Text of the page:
Model Boat Mayhem - Forum

Dry Dock / Shipyard: Builds & Questions => Springer Tugs => Topic started by: clockworks on August 18, 2019, 06:50:22 PM

Title: Aeronaut Springer - couple of questions
Post by: clockworks on August 18, 2019, 06:50:22 PM
My first build - an Aeronaut springer kit fitted with brushless motor on two 5000maH 2s LiPos in parallel. Skinned in epoxy and cloth, so it's not exactly a lightweight, but I still needed to add a kilo of lead to get it close to the waterline.


It handles quite well when going forwards - as long as I keep the speed down. Turns nicely too, unless I try going in reverse, when the rudder does absolutely nothing! This isn't a major problem when I'm just pottering around on the lake, but it might make lining up to rescue another boat a bit tricky.


Is this lack of rudder authority in reverse an inherent problem with springers?


Just how low at the stern do I need to ballast it to stop it submarining at higher speeds?
Title: Re: Aeronaut Springer - couple of questions
Post by: Gardener on August 18, 2019, 07:20:38 PM
stopped my cratch built Springer from diving by pushing a barge, it handles much better with the barge than light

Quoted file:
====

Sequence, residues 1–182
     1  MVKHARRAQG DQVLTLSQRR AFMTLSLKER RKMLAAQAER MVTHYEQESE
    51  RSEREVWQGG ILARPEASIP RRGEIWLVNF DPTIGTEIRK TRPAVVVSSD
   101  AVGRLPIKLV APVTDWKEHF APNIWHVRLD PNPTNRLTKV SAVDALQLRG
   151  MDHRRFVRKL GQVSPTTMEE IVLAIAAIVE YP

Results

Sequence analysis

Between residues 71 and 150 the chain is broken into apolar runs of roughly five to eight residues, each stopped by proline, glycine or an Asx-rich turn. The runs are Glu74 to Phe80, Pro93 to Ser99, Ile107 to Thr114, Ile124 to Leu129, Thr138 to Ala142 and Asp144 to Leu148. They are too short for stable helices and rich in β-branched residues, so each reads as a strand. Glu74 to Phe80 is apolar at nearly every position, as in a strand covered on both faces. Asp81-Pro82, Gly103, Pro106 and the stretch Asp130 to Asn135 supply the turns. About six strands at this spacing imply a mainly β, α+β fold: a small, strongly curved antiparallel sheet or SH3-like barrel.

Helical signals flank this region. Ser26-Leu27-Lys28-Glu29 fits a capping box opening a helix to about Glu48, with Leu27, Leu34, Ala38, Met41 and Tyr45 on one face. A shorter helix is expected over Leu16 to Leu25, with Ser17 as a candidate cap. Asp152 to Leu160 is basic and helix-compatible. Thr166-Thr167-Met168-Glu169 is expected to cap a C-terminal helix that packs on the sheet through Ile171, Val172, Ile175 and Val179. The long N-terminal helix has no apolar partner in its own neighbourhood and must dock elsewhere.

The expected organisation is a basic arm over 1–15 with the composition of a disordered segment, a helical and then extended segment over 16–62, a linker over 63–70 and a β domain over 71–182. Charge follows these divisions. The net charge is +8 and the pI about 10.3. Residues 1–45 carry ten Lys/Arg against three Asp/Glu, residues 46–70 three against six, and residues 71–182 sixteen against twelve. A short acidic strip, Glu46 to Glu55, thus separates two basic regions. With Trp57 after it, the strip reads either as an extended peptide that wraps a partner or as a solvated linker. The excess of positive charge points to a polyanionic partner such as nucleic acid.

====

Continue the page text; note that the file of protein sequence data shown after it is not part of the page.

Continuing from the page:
Title: Re: Aeronaut Springer - couple of questions
Post by: Netleyned on August 18, 2019, 07:25:25 PM
I ballasted mine so the waterline was level, then
moved the ballast aft to give the bows about an
Inch and a half between waterline and water
I fitted a Kort nozzle(steerable) on mine as the
Hull has no longitudinal stability, i.e. no keel so
the rudder has little effect. With a Kort nozzle
my Springer will turn in it's own length ahead
or astern.
Ned
Title: Re: Aeronaut Springer - couple of questions
Post by: clockworks on August 19, 2019, 09:36:51 AM
Sounds like I need to shift a lot of lead towards the rear.


Steerable Kort nozzle - I guess I could do that by extending the propshaft a little so that the prop sits on the rudder shaft axis.